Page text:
Lin Kooi Ong, PhD
The National Stroke Association of Malaysia (NASAM) Stroke Games 2019, an amazing event showcasing remarkable possibilities of #LifeAfterStroke, kicked off with an inspiring start at the Panasonic National Sports Complex in Malaysia on October 19. This event is in conjunction with the World Stroke Organisation – World Stroke Day, Southeast Asia Route. Over 800 participants from different states, including Penang, Sabah and Johor, as well as Singapore, participated in 25 events. The youngest athlete was 16 years old, and the oldest was 81 years old. The games kicked off with seated volleyball and hand cycle. The event closed on October 20 with Janet Yeo, stroke survivor and founder chairman of NASAM, putting out the flame.
“The Games is NASAM’s contribution to the stroke community around the world,” said Yeo. “We wish that this fighting spirit of a stroke champion is ignited into every person affected by a stroke no matter where they are.”
Yeo is hopeful that the Games will grow and generate more stroke champions, a concept which is also aligned with the brain. The brain is fantastic and has remarkable capacity to grow new cells and new networks throughout an individual’s life. Sports and physical activities are excellent options to promote recovery after stroke. At the end of the day, everyone is a stroke champion!
You can connect with NASAM at: https://www.facebook.com/NationalStrokeAssociationMalaysia/.
“We hope that this event demonstrates that there is #LifeAfterStroke and that early awareness and advocacy can help reduce the risk of stroke among Malaysians,” said Dato’ Wan Hashimi Albakri, of Yayasan Sime Darby.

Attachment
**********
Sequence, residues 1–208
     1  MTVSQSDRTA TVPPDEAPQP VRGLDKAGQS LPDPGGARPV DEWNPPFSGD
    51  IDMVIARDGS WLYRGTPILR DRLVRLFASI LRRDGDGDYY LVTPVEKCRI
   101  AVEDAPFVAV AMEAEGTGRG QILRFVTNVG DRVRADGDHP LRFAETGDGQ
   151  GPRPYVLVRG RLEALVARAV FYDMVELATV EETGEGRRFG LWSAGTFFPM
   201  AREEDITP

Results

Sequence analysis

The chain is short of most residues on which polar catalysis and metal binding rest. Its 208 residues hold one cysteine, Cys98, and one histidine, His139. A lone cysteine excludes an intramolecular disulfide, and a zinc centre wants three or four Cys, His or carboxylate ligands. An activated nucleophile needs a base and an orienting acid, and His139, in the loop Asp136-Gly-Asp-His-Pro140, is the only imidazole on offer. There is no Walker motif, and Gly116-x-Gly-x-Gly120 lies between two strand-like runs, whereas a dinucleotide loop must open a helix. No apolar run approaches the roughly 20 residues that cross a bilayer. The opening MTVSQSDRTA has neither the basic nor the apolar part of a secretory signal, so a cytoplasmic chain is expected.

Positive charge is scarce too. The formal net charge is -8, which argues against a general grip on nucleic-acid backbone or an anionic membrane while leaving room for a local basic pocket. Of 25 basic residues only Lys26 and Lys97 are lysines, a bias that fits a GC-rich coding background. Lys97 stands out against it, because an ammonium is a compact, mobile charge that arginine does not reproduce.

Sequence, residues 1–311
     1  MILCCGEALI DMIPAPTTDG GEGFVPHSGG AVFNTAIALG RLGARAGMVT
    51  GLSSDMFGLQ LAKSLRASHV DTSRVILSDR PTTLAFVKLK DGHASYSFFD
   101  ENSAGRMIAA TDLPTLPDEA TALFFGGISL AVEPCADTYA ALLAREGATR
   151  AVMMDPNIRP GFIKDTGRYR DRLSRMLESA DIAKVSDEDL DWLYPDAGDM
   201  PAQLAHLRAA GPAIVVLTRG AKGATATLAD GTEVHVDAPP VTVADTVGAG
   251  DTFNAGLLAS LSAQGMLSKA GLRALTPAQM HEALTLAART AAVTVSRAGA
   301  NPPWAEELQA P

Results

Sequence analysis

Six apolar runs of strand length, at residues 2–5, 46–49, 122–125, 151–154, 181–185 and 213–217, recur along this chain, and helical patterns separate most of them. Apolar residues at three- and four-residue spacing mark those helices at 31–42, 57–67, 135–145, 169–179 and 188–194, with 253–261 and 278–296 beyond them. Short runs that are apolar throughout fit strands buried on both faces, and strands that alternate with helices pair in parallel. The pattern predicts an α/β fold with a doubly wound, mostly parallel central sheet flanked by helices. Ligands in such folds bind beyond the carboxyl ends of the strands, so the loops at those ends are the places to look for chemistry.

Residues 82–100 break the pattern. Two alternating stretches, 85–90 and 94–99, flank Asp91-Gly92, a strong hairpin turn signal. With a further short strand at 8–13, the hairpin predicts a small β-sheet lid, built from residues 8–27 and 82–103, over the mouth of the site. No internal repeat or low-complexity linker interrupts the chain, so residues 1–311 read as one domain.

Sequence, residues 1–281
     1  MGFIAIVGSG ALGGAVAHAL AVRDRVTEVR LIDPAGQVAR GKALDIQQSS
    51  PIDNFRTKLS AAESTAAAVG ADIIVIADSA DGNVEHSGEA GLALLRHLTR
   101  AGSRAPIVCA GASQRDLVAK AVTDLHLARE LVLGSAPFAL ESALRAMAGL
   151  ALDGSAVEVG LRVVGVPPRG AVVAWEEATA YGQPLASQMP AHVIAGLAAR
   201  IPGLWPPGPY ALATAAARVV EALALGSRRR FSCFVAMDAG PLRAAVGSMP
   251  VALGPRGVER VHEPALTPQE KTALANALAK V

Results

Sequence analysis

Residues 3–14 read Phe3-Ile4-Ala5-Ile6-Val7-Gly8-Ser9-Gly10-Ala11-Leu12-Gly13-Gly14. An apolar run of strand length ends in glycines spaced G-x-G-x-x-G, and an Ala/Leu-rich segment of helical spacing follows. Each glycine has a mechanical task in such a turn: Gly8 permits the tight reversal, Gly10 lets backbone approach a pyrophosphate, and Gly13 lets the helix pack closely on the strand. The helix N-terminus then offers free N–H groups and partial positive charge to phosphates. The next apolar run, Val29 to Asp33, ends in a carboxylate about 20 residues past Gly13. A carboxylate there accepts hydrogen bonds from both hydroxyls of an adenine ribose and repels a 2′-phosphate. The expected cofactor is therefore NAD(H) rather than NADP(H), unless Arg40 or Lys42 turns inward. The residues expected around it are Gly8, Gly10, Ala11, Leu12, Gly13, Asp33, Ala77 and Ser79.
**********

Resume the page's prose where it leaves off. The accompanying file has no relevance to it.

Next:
Stroke, or angin ahmar, is one of the leading causes of death and disability. The incidence of stroke is still increasing in Malaysia, with over 50,000 new cases reported yearly. Approximately 40% of affected people are of working age, and up to 70% of stroke survivors suffer a disability which impedes their ability to carry out the activities of daily living. Therefore, stroke not only places significant burden on the individuals and caregivers, but also on the healthcare system.
Importantly, almost all strokes can be prevented by addressing risk factors such as high blood pressure, diabetes, high levels of cholesterol and atrial fibrillation. Further, adopting a healthier lifestyle that includes moderate exercise, a balanced diet, stopping smoking and managing stress will reduce stroke risk. Knowing the signs of stroke and getting treatment quickly saves lives. Do the FAST (Face, Arms, Speech and Time) check if you think someone may have a stroke. In Malay language, use MATA, which stands for Muka (face), Angkat tangan (lift arm), Tutur (speech) and Angkat telefon (pick up the phone). We should work together to improve stroke awareness in Malaysia.
One in four of us is at risk of stroke in our lifetime, but most strokes can be prevented by taking a few simple steps. #DontBeTheOne